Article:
My father followed me to the ship, when I left Thessaloniki in order to travel to Pireaus. This was the last time I saw him, and I shall never forget his last words to me: “Serpouhi”, he said, “we may not meet again in this world, now that you will be travelling far from your ancestral land Armenia, but remember that we have another home, a better place than this, where there shall never be tears or sorrow, and were we will never need to part. Shall we not set ourselves to meet in Heaven in the New Jerusalem?” He wept, and I also felt very unhappy for having to leave my dear father.

(In USA Serpouhi is educated to be a nurse and has surgery to remove her tattoos. After ten years Serpouhi gains American citizenship in 1932. At the same time, the Turkish foreign minister Talat, who ordered the final genocide against the Armenians, has taken residence in Berlin, where he lives for many years until murdered by an Armenian. Serpouhi ends her tale with these words):

You, my dear reader, may wonder why I have told this painful tale of the sorrow and suffering that has stricken my people. I have told this because I wish to give witness that the faith in Jesus Christ our Saviour and friend is an anchor, which is safe and firm even in the worst of storms. The hope for an eternal life, which he has promised his children, is in truth a blissful hope, which I have never forgotten during my great trials. He helped me bear them all. And not only this, but I know that it is due to the protection of my heavenly Father that my life has been spared. He has preserved me, because he had an task for me. My only wish is to serve him faithfully and execute exactly the task he has for me.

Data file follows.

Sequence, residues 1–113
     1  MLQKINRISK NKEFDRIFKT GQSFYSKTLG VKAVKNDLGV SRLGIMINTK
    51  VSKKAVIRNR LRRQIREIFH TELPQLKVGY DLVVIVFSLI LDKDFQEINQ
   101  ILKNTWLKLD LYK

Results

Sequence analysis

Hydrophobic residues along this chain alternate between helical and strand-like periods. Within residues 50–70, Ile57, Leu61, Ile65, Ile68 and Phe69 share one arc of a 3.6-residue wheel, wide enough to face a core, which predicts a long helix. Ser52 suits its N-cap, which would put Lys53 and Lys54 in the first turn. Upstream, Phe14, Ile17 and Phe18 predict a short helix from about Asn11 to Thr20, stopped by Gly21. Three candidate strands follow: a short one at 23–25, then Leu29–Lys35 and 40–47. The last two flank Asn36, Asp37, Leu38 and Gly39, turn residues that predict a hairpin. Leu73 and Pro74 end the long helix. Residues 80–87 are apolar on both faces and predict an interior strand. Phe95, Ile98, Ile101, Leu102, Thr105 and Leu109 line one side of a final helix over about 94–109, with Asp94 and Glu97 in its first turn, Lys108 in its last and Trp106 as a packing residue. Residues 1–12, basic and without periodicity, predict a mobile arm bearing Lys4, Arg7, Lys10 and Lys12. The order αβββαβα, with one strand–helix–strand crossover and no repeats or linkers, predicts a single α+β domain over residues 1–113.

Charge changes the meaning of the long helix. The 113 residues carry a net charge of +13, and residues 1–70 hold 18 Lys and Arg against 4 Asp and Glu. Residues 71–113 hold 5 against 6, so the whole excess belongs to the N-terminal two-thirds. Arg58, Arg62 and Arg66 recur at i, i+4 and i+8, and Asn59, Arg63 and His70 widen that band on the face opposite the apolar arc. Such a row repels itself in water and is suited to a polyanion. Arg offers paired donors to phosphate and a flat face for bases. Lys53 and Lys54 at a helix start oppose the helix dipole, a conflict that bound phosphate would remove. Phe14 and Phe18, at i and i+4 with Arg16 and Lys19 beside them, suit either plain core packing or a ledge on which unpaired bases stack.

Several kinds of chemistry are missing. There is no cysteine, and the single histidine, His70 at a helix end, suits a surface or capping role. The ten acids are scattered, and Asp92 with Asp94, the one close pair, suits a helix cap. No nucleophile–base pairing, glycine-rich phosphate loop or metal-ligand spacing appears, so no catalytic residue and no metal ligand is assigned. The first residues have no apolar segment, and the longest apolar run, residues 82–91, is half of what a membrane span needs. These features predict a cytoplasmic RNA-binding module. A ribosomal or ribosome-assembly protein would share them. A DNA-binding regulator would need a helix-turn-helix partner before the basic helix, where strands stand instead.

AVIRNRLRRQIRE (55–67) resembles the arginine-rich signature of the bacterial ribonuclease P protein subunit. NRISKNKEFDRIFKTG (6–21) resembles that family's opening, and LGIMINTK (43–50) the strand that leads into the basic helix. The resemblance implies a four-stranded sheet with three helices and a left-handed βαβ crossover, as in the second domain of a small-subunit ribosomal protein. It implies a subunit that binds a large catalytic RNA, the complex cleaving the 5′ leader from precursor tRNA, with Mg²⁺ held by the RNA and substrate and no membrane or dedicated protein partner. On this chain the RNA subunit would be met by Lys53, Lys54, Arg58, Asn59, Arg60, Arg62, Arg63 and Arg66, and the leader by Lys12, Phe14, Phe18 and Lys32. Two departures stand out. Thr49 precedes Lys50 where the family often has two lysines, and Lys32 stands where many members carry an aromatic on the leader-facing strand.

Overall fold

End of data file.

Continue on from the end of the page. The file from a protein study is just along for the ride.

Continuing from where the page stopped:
When I think of all he has done for me, I do not believe I can love my Saviour enough, and that no sacrifice he might demand from me may be too large. Let me tell you, dear reader, that he will be just as wonderful, just as true and as loving a friend for you, if you will permit him. … This world is full of disappointments and uncertainty, but I know that all will be well eventually. In the midst of my disappointment and insecurity and loneliness it is my privilege to have trust in an allwise Father. I am certain that he guides me, even when I cannot see clearly where it leads me. I bow to his will and am – ready to go, ready to stay – ready to take my place – ready for service, great or small – ready to do His bidding.